Microbial pathogens

Food recall guide for manufacturing and processing facilities

Even with the most stringent protocols and processes in place, food manufacturers still face the possibility of a food recall. But implementing the right controls and policies can help reduce the probability of having to take your product off the shelves.

Understanding food recalls

Incorrectly applied labels, accidentally added ingredients, and sensors that go out of calibration without warning. Food safety is at the top of any manufacturer’s agenda, and yet there are still so many things that can go wrong. Sometimes issues require manufacturers to remove defected or contaminated foods from sales and distribution—otherwise known as a recall.

In the United States, food recalls are handled by either the United States Department of Agriculture (USDA) which has a Food Safety Inspection Service (FSIS) enforcement arm or the Food and Drug Administration (FDA).

Under USDA FSIS: Meat, Egg product, poultry. Under FDA: Animal food, dairy products, all other foods and beverages.

The FDA organizes recall classification according to severity:

  • Class I: Products that could cause serious injury or death. For example, the presence of microorganisms such as Listeria or Salmonella.
  • Class II: Products that might cause serious injury or temporary illness. For example, food that contains yeast or mold contamination.
  • Class III: Products unlikely to cause injury or illness, but that violate regulations. For example, a mislabeled product, incorrect weight, or water added to meat.

The first major national food recall occurred in 1920, with an outbreak of botulism linked to improperly canned olives. At its peak in 2016, the total number of food recalls in the United States reached 905. Fast forward to 2019, and the food industry experienced 337 recalls—212 issued by the FDA and 125 issued by USDA FSIS.

1. Manufacturer saying their product hasn't been inspected. 2. Phone alert saying the FDA is calling for salad to be recalled. 3. Consumer calling to complain about allergens.

Food recalls happen. Here’s why.

Even food manufacturers with the most stringent protocols and processes can face a food recall. These can be initiated by the manufacturers themselves, regulatory agencies, or consumers.

Some products are more prone to food recalls than others. For example, fresh produce welcomes the opportunity for contamination in the water or during handling. Sometimes operators change over lines and SKUs before properly cleaning the machines. And sometimes foreign objects enter the packaging area without being detected on the line’s vision inspection equipment (if one even exists).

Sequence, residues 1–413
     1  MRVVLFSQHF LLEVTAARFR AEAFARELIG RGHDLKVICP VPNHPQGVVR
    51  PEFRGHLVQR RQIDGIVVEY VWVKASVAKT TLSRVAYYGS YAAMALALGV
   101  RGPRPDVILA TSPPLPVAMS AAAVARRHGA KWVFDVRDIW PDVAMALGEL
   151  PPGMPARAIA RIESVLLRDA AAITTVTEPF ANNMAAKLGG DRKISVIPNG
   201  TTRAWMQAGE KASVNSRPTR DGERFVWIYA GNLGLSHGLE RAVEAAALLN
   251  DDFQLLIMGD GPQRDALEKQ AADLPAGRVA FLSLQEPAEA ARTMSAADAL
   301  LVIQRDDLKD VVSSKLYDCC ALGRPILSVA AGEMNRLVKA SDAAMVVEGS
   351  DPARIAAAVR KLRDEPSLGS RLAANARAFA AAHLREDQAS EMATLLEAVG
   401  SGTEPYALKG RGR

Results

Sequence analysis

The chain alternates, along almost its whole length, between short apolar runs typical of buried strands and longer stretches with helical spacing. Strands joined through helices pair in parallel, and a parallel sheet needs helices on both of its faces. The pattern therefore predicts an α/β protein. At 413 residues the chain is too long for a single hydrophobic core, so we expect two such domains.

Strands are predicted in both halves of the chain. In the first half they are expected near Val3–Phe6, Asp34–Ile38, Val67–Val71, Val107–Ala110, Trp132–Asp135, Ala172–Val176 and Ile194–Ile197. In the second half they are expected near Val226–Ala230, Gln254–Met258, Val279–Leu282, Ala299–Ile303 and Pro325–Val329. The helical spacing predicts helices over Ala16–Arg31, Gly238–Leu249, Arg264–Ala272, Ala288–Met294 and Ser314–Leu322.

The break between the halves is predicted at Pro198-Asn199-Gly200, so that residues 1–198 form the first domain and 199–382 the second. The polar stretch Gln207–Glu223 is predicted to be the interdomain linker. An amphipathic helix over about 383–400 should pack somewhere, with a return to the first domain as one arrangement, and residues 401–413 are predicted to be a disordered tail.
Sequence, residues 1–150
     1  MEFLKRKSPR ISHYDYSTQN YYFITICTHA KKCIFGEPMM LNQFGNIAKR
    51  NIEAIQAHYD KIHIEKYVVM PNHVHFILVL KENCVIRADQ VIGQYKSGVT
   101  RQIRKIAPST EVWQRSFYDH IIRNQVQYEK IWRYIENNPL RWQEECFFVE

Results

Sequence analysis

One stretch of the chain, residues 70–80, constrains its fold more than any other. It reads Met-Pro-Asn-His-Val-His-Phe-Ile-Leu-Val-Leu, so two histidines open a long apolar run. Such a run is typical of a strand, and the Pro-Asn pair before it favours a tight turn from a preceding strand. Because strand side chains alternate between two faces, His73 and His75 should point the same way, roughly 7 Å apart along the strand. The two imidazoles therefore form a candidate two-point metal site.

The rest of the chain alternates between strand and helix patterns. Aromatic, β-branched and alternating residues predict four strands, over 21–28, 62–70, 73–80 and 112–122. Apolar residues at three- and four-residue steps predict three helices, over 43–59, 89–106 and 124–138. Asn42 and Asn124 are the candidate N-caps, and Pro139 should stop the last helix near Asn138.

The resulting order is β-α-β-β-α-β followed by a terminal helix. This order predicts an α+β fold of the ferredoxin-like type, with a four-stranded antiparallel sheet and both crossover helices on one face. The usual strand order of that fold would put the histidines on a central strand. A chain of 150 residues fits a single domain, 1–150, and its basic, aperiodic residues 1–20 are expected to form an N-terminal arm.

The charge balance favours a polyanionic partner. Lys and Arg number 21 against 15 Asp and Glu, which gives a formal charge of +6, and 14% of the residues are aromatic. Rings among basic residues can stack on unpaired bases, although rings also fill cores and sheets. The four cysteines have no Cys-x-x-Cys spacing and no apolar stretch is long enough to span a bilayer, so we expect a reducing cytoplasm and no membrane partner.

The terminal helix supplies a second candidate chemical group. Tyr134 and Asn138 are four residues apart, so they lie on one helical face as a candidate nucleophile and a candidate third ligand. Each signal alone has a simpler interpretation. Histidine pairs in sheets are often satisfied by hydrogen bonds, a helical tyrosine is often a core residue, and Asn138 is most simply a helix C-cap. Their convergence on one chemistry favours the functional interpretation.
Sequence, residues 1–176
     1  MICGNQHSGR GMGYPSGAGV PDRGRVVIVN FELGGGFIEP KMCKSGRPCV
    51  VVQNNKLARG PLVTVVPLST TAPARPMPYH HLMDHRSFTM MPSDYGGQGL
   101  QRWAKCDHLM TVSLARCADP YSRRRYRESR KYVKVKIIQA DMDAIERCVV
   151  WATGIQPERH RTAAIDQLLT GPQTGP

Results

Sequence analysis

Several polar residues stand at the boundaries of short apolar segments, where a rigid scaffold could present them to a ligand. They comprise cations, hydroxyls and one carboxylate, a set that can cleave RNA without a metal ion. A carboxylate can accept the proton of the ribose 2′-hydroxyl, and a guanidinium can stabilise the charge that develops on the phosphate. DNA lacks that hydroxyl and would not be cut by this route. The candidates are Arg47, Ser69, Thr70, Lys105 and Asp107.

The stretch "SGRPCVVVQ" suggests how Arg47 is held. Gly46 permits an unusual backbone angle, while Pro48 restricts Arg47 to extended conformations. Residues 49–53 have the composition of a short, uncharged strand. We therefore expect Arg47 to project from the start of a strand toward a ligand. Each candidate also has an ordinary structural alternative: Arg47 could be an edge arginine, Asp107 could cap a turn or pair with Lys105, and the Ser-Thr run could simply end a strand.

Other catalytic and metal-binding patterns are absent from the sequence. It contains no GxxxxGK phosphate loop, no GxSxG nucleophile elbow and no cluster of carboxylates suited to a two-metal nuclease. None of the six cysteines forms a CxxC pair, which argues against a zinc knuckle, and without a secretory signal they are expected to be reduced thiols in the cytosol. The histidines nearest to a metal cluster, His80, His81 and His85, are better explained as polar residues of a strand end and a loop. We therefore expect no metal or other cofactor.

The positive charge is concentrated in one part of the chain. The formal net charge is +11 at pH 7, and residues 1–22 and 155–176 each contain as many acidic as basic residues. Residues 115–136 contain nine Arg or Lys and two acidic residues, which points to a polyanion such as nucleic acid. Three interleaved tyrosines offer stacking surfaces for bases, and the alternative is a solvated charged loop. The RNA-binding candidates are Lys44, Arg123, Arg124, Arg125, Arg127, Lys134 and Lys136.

The four types of food contamination are microbial, allergenic, chemical and physical.

Pathogen

Microbial

Microbial contaminants, like E. coli and Salmonella, are the most commonly discussed in the media because they are the most likely to cause widespread foodborne illness. There are countless opportunities for pathogens to be introduced along the food processing chain, and they can result in severe illness or death for consumers.

Peanut

Allergens

Food allergens result in about 30,000 emergency room visits every year. While preventing cross-contamination through clean work practices is the most obvious method to prevent a recall, it’s not the only thing manufacturers have to worry about. In fact, the leading cause of food recalls in the U.S. is undeclared allergens.

Another challenge with allergens is importing to and exporting from other countries. For example, regulatory agencies in Canada and in Europe consider celery and mustard allergens, but we don’t in the United States. In fact, there are 11 allergens listed for when exporting to Canada and 14 for Europe versus the eight allergens listed for the United States.

Beaker

Chemical

Chemicals must be properly segregated, or contaminants can enter food during warehousing, transportation, and storage. Unless you follow proper procedures, cross-contamination can occur with chemicals used in cleaning and disinfection during manufacturing. Chemical contamination is rare but can lead to illness or injury.

Insect

Physical

Foreign objects, like hair, insects, pieces of plastic, glass, or metal can contaminate food, pose a choking hazard, or cause injury. Foreign material contamination can come from many sources such as raw materials, packaging materials, or equipment—especially when employees don’t follow proper personal protection and hygiene procedures. Mechanical wear and tear can also be a major source of physical contamination.

Additionally, recalls can occur for reasons aside from contamination, such as mislabeling. While mislabeling doesn’t always pose a risk to public health, it is a common case for a food recall. Imagine the time and money wasted on having to re-label packaging, cans, containers, boxes, and pallets with a new label. Not to mention the labeling lawsuits that have arisen in recent years.

Preparing for a recall

Once a recall takes place, it becomes public record. And, thanks to a consumer base with access to social media, a recall—regardless of where it derives from—can be detrimental to even the most seasoned companies. Case in point: Food withdrawals, rejections and recalls cost the food industry $7 billion annually.

That’s why food and beverage manufacturers must institute a series of steps and protocols to avoid and minimize the effects of a recall.

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Spell out the recall procedures

Just like with any company process, mapping out the procedures is key to getting everyone within an organization on the same page.

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Develop a food safety plan